Played in ten games, starting three contests at nickel back vs. Miami (Oh.), Indiana and Notre Dame and thee more at boundary cornerback vs. Indiana, Minnesota and Illinois … Sat out the Northwestern and Michigan clashes with a knee sprain … Finished eighth on the team with 37 tackles (23 solos), as he deflected two passes and returned a kickoff 34 yards … .Had a season-high nine tackles vs. Notre Dame and was credited with seven stops at Minnesota, including four solo tackles.

Injury Report

2005: Sat out the Northwestern (11/12) and Michigan (11/19) games with a knee sprain.

Agility Tests

Campus: 4.55 in the 40-yard dash … 1.53 10-yard dash … 2.62 20-yard dash.

Combine: 4.51 in the 40-yard dash … 1.47 10-yard dash … 2.62 20-yard dash … 4.08 20-yard shuttle … 6.59 three-cone drill … 33-inch vertical jump … 10'4" broad jump … Bench pressed 225 pounds 15 times … 32 3/8-inch arm length … 9 1/8-inch hands.

High School

Attended Piscataway (N.J.) High School … Led his team to three consecutive state titles … The All-State and All-American choice played receiver and defensive back … Also excelled at track, winning the state title in the 400-meter dash as a junior … Took third place in the 200 meters as a junior and finished third in the hurdles as a senior at the state meet.

Personal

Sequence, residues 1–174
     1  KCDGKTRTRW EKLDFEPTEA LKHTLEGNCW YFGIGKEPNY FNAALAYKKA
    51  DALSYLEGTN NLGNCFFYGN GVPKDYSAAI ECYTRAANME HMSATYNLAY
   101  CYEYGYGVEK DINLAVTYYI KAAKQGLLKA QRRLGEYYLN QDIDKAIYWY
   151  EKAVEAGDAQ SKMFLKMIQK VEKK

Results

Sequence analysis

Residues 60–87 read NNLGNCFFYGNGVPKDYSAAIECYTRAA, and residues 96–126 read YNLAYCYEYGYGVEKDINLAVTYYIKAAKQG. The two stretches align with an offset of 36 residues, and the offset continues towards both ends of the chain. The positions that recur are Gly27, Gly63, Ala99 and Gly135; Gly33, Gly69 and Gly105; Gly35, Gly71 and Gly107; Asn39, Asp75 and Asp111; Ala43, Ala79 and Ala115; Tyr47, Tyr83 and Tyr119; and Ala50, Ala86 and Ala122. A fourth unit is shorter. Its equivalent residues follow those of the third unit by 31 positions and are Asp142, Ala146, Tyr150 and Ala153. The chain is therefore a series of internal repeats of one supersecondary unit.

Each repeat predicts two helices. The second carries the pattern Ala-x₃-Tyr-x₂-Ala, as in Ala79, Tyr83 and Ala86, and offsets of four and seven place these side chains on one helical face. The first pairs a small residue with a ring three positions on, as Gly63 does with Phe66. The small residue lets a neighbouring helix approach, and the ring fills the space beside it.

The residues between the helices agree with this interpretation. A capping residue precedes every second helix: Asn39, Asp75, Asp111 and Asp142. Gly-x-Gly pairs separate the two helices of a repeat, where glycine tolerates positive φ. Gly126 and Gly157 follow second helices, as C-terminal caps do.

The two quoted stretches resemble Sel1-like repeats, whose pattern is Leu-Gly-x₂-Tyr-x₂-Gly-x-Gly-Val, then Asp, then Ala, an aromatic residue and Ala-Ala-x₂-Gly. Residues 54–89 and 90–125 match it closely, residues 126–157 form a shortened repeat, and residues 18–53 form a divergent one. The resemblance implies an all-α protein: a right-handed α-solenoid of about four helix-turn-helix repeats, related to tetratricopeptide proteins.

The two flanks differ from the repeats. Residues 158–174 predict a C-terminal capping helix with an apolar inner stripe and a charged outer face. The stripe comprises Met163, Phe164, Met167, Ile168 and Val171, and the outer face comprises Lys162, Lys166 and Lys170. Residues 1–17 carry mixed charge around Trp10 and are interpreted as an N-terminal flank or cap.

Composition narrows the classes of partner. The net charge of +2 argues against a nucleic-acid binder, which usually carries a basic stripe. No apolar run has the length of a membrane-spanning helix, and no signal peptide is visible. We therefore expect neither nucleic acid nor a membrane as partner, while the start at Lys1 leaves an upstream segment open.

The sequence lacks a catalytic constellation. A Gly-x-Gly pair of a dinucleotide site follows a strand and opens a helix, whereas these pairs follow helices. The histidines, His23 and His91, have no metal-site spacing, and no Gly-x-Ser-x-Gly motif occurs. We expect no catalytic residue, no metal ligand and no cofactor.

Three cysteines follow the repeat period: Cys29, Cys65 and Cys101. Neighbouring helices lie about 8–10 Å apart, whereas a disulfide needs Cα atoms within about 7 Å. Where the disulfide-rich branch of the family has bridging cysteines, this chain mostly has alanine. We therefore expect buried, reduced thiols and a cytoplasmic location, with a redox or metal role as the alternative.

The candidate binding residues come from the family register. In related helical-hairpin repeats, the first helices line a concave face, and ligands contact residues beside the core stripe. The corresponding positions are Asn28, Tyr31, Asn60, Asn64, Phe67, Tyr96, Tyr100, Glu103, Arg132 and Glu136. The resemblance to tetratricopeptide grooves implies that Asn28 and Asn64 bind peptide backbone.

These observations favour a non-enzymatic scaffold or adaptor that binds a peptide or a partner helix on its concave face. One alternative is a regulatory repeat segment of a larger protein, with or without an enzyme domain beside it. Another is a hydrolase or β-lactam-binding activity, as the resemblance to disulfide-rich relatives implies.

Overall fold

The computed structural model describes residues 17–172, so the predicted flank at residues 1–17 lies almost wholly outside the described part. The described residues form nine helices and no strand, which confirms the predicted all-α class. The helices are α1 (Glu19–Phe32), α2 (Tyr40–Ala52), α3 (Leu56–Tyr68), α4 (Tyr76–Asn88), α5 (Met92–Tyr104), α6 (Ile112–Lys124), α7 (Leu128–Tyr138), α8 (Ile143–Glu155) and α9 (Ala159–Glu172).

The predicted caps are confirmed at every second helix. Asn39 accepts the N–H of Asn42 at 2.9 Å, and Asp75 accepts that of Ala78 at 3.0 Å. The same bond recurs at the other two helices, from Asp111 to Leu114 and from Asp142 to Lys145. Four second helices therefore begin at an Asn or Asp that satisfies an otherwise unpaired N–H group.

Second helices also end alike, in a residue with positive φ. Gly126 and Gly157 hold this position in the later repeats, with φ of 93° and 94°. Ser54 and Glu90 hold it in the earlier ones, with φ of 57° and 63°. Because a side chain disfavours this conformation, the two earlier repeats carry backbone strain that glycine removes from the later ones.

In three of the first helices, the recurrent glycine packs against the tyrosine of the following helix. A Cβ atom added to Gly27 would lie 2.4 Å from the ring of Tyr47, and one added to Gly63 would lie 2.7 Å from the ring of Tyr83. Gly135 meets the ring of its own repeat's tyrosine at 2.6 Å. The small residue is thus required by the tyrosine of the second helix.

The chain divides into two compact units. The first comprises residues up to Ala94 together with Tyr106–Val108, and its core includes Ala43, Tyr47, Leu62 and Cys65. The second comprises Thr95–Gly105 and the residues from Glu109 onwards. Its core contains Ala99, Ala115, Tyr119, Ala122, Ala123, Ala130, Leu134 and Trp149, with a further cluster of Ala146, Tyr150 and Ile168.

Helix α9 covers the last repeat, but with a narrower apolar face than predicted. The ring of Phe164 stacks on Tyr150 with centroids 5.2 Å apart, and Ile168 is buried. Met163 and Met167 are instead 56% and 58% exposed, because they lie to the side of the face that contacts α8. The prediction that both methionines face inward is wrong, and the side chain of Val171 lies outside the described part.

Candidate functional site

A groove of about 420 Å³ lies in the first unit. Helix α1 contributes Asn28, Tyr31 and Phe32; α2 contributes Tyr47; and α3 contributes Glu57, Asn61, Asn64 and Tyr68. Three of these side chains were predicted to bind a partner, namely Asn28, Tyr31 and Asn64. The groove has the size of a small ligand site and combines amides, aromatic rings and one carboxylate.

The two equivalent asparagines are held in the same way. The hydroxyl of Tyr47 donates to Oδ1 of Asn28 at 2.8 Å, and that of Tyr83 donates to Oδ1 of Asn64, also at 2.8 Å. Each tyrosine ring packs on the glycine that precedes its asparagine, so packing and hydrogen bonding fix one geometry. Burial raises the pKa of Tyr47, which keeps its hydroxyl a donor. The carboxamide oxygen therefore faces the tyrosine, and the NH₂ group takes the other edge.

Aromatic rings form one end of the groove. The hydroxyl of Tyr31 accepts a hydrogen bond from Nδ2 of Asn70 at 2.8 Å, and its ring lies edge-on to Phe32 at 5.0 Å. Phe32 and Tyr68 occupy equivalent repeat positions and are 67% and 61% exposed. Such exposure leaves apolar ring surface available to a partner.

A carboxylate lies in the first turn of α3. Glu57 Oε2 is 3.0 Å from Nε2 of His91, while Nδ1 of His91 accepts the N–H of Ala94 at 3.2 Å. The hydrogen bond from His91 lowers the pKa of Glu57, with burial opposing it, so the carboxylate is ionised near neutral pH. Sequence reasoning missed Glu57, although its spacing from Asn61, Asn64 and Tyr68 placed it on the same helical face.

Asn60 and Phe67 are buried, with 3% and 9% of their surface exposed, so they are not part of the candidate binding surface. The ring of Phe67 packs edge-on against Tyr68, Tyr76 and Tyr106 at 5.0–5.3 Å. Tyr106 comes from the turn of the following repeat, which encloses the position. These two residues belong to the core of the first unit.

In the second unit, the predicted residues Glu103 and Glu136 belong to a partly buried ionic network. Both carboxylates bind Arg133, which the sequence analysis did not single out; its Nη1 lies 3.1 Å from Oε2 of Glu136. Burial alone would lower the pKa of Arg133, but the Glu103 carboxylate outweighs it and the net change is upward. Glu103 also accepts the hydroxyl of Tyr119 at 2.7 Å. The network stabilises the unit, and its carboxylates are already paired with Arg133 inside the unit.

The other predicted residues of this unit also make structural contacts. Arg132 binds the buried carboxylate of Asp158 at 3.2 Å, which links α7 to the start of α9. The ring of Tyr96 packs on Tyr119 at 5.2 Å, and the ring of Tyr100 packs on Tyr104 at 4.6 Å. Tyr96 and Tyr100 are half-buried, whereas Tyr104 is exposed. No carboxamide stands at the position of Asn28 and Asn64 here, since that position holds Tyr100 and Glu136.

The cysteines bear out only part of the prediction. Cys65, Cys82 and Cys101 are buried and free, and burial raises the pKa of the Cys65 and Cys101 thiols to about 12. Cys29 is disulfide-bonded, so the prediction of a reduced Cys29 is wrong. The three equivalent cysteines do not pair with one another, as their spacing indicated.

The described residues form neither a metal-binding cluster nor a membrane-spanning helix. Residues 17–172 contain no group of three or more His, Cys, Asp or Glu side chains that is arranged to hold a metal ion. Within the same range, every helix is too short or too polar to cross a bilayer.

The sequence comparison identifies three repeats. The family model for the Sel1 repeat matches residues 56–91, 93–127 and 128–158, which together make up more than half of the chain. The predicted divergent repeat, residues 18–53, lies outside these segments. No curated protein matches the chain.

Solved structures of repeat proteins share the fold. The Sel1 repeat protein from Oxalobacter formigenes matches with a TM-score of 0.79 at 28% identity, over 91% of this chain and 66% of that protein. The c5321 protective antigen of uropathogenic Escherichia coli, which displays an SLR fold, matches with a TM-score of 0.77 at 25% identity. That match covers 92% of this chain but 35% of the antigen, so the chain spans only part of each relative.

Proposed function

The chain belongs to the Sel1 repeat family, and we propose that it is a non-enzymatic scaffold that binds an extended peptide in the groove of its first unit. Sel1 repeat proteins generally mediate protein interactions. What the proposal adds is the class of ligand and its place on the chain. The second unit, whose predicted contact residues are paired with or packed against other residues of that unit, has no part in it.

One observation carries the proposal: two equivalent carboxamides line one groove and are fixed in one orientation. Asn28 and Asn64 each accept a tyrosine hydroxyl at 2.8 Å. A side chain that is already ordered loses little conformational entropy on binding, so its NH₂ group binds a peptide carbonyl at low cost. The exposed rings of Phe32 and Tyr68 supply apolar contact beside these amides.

Communications major … Enjoys writing poetry … A leader in the Omega Psi Phi fraternity … Son of Gwendolyn and W. Lee Jenkins … Born 12/20/87 … Resides in Piscataway, New Jersey.

 
Latest News
04/28/2009 - BEST PICK: The Saints thought so much of Ohio State cornerback Malcolm Jenkins that they resisted the urge to drop down in the first round. The versatile Jenkins is expected to help solidify a shaky pass defense that has allowed 67 pass plays of 25 yards or longer over the last two seasons.

04/28/2009 - QUOTE TO NOTE: "He's one of those guys that we feel like can help us very quickly on defense. We see him as a player that has size, real good ball skills, and toughness. He has versatility, but we felt in evaluating him that he was an exceptional corner at Ohio State." -- Saints coach Sean Payton, on the selection of cornerback Malcolm Jenkins in the first round of the draft.